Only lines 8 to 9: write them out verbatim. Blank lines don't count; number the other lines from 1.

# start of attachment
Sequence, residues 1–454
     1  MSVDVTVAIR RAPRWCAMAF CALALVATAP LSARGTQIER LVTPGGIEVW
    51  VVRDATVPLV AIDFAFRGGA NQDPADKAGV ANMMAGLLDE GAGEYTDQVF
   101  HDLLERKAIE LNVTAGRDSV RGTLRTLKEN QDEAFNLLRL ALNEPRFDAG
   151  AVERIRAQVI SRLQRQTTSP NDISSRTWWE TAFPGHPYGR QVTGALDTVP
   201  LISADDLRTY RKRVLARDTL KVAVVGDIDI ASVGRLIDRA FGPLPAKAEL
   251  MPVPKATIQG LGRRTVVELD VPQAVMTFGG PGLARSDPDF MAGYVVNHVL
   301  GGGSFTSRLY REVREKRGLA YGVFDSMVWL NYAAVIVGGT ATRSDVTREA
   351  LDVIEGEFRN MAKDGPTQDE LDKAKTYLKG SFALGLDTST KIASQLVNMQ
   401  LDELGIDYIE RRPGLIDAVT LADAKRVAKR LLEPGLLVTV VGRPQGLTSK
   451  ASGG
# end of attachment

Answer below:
   301  GGGSFTSRLY REVREKRGLA YGVFDSMVWL NYAAVIVGGT ATRSDVTREA
   351  LDVIEGEFRN MAKDGPTQDE LDKAKTYLKG SFALGLDTST KIASQLVNMQ